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Gambling With Our Freedom

November 18, 1996|TERRY SCHWADRON | Terry Schwadron is deputy managing editor of The Times and oversees, its Web site. He can be reached via e-mail at

There are two sure bets about gambling and the Internet, one obvious and one rather ominous:

1. There's plenty of money to be made, and the boomlet in gambling Web sites is about to break wide open.

2. Gambling is shaping up as the first substantial test of regulation of the Internet. Because of bet No. 1, forces are gathering to derail Web gambling.

Shortly after Congress reconvenes, Republican Sens. Jon Kyl of Arizona and Orrin Hatch of Utah will campaign to ban Internet gambling.

While the Communications Decency Act, an anti-obscenity measure passed early this year, might have been the first Net-censorship battleground, it was blocked by a federal appeals court. The anti-gambling move may end up being the usable tool for regulating a medium that the government cannot easily control.

What seems clear is that politicians behind the anti-gambling crusade do not even recognize that they're engaged in a precedent-setting campaign to limit the Net.

Over the last 18 months, perhaps a dozen or more betting sites have been launched. They look inviting, they are interactive, they are casinos in your home.

Despite U.S. and state laws barring interstate use of "wires" to transmit betting information, the most elaborate of these sites have set up offshore, operating out of Antigua, Belize, Ecuador and other nations. The wire statutes were adopted to stop interstate sports betting, but opponents of Internet gambling say they apply here as well.

Representing some of the best of the breed are: World Wide Casinos Inc. of Santa Ana but operating from Antigua (; Internet Gaming Technologies Inc. of San Diego but operating as CasinoWorld from Ecuador (; and Internet Casinos operating from the Caribbean (

Each asks the player to open a local bank account within the resident country. After filling out the usual registration forms, the viewer is ushered into a virtual lounge festooned with pirate garb or turn-of-the-(last)-century decoration. All one has to do is pick the game.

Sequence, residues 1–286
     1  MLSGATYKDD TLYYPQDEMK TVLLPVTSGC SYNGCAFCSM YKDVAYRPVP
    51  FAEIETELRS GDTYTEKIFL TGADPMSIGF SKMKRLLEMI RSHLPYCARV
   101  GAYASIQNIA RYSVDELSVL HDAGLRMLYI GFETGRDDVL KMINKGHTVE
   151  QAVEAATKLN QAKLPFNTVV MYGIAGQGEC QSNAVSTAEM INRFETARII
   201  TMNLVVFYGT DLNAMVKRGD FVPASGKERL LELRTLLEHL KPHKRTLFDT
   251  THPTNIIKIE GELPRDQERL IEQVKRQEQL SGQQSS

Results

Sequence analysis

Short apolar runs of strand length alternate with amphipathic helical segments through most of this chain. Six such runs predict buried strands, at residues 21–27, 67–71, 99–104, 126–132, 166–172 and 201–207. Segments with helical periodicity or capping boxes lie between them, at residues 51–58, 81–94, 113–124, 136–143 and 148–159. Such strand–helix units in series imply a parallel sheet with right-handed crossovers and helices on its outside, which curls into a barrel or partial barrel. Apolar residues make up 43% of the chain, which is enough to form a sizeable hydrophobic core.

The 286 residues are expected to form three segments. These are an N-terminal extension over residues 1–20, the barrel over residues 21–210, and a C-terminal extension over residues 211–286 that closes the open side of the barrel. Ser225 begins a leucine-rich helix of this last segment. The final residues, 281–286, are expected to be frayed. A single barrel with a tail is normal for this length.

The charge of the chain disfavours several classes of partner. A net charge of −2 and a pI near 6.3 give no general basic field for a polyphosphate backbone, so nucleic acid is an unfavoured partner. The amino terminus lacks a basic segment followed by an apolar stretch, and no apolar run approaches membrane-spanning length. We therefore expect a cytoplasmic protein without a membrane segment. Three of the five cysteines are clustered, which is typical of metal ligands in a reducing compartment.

Blackjack was a snap. Clicking on the hand I was dealt told the far-off machine to hit me with a new card. It came up instantly. I stood pat, and beat the house. Once. There are plenty of warnings that the odds favor the casino even more than they do in Vegas.

Cashing out is no problem. Once an account is set up, the Bank of Antigua honors an ATM or Visa card. House rules differ from site to site, including restrictions on how often one can play or the age of players.

(In fact, there is debate about exactly what constitutes "gambling." Then there are sites like Riddler (, Virtual Vegas ( and Prizelinks ( in which the play is for points or for prizes, not for cash, like a sweepstakes mailing. Play a game of chance and one wins points toward prizes.)

The problem is that many believe these offshore casinos are clearly violating U.S. and state laws--and in some cases are outright scams.

Minnesota Atty. Gen. Hubert H. "Skip" Humphrey III has sued Granite Gate Resorts of Las Vegas, owner of WagerNet (, which operates from Belize, arguing that the casino breaks state consumer fraud statutes. The state says it determines what games are legal for Minnesotans and that for this site to advertise that Minnesotans can legally bet online is fraudulent.

In addition, the state notes that casino operator Kerry Rogers was convicted of bank fraud charges. The lawsuit is pending, but the site is only a click away, operating for points at the moment, not cash.

Humphrey argues that setting rules for Internet gambling is not regulation, it's merely bringing law enforcement to an undisciplined medium. "Crime is crime in any medium," said his spokesman.

Sen. Kyl, a conservative, explains that gambling is morally bad, that social ills always follow gambling and that he wants to see it eliminated altogether, Net or not. Gambling is not a freedom of expression, he said, and government intervention should not be seen as interfering with the widespread Net attitudes that there should be no regulation. His approach would be to punish both the casino and individual bettors.

Frank Fahrenkopf, the former Republican National Committee chairman who now heads the American Gaming Assn. in Washington, represents hotel casinos and gambling equipment manufacturers. He opposes Internet gambling, not as competition, he said, but because there are no checks on the casinos.

"Gambling has grown to a $44.3-billion business in this country precisely because there is tough regulation and law enforcement that has allowed public confidence to grow that games will be run honestly and there will be payouts," Fahrenkopf said. "There are no guarantees with these Web sites."

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